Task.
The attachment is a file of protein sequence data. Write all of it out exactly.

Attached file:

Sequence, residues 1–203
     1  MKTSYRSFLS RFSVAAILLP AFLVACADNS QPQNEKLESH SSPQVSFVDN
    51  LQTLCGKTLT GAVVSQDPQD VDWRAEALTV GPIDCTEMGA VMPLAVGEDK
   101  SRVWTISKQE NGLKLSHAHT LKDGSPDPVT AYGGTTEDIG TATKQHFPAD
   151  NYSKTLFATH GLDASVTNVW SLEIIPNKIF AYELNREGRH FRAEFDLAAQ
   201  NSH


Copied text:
Sequence, residues 1–203
     1  MKTSYRSFLS RFSVAAILLP AFLVACADNS QPQNEKLESH SSPQVSFVDN
    51  LQTLCGKTLT GAVVSQDPQD VDWRAEALTV GPIDCTEMGA VMPLAVGEDK
   101  SRVWTISKQE NGLKLSHAHT LKDGSPDPVT AYGGTTEDIG TATKQHFPAD
   151  NYSKTLFATH GLDASVTNVW SLEIIPNKIF AYELNREGRH FRAEFDLAAQ
   201  NSH